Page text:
I’ll try to keep this short & clear so ( hopefully ) I’ll have to time actually code tonight.
In first post we talked about Fixed and Tiled Backgrounds
In second post we talked about Big Huge Backgrounds
In this post we’ll talk about Flowing Backgrounds. I believe it sounds silly but couldn’t find any other ( better ) name for it. What we’re going to do is create a layer which will constantly move even if the player doesn’t , like clouds in the background.
They’ll move even if the player doesn’t and they move faster ( relative to the player and camera ) if the player moves in opposite direction etc etc.
We’ll create and move a tiled background for this post but you can also use exact same logic for moving other background types like Big Huge ones.
OK now as I said we’ll use a tiled background for this one so our FlowingBackground class will be pretty close to TiledBackground class we created earlier. Let’s have a look at how Tiled Backgrounds work again ,
Remember this picture from Fixed & Tiled Background post? It’s all same ,
public FlowingBackground(Texture2D texture, float speed, int environmentWidth, int environmentHeight)
_texture = texture;
_horizontalTileCount = (int)(Math.Round((double)environmentWidth / _texture.Width) +1);
_verticalTileCount = (int)(Math.Round((double)environmentHeight / _texture.Height) +1);
_startCoord =newVector2(0, 0);
_speed = speed;
Again we have a texture , horizontal tile count , vertical tile count , start coordination and as an addition we also have a speed and Camera position data from previous update.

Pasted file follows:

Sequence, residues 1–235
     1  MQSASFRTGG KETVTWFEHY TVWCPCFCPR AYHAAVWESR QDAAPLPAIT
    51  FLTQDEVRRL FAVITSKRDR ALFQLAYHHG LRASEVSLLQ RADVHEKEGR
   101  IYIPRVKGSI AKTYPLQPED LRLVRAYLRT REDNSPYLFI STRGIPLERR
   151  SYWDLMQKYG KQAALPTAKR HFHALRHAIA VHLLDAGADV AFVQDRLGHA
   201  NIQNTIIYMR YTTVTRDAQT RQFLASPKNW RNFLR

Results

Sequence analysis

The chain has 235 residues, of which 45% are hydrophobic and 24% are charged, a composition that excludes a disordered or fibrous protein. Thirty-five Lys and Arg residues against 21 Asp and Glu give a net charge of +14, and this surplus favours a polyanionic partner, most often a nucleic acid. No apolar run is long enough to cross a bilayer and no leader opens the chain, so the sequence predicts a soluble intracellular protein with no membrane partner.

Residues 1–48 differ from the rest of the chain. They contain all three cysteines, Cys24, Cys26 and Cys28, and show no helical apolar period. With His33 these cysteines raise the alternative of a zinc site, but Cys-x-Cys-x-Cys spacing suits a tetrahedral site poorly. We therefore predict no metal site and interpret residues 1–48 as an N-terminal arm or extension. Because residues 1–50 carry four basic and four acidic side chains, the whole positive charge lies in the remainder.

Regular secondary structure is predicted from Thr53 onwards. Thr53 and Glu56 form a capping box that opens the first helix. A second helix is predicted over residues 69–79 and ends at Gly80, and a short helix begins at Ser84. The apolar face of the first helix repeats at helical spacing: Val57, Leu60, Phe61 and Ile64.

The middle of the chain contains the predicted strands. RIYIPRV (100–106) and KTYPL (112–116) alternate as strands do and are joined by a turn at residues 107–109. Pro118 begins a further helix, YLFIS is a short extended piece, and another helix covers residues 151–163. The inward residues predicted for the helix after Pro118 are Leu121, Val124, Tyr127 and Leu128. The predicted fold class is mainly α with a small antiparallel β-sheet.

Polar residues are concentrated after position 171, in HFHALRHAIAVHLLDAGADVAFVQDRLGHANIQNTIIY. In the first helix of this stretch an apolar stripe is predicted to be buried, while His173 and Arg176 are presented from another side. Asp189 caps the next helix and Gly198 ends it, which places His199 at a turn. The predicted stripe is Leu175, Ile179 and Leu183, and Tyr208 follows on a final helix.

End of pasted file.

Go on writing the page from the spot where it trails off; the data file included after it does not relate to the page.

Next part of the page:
Nothing fancy in constructor as you can see , we just set the variables we need and calculate vertical and horizontal tile counts.
Oh and by the way , I forgot to say it before , we will move our background in X dimension. Of course you can also implement something more complex with a bit of extra code but for the sake of simplicity , we’ll move it in X dimension with a constant speed set in constructor.
var dif = game.CameraService.CameraRectangle.X – _previousCameraRectangle.X;
_previousCameraRectangle = game.CameraService.CameraRectangle;
_startCoord.X = _startCoord.X + (this._speed) – dif;
if ((–_startCoord.X >= _texture.Width) || (_startCoord.X >= _texture.Width))
_startCoord.Y = ((game.CameraService.CameraRectangle.Y / _texture.Height) * _texture.Height) – game.CameraService.CameraRectangle.Y;
As you can see our Update method will be a bit different than Tiled Background Update method.
At first we get the Camera.X difference between previous and current Camera Position. Remember in this example , our camera is following player character so the difference in Camera.X is almost same as the difference in Player.Position.X ( just not in map edges ). This is a nice effect but you can also remove this of course.
Then we update the start coordination for our tiles and since we’re only changing X , we have to check if the start coordination is in the range we want. ( talked about it a bit in Tiled Background part )
for (int i =0; i < _verticalTileCount; i++)
for (int j =–1; j < _horizontalTileCount; j++)
(int)_startCoord.X + (j * _texture.Width),
(int)_startCoord.Y + (i * _texture.Height),
Draw method is exactly same as Tiled Background as you can see , nothing fancy here , just iterating through X & Y and drawing a 2D matrix , tile by tile.
And now it should look something like this ;
Well it looks same as Tiled Background as an image but trust me , it moves!
There are a few more background types I want to talk about in the future like , progress indicator or parallax ( I’m not even sure that is what people call parallax really , but it’s such a cool name )background.
Hope you find it useful !
Visual Studio 2010 Solution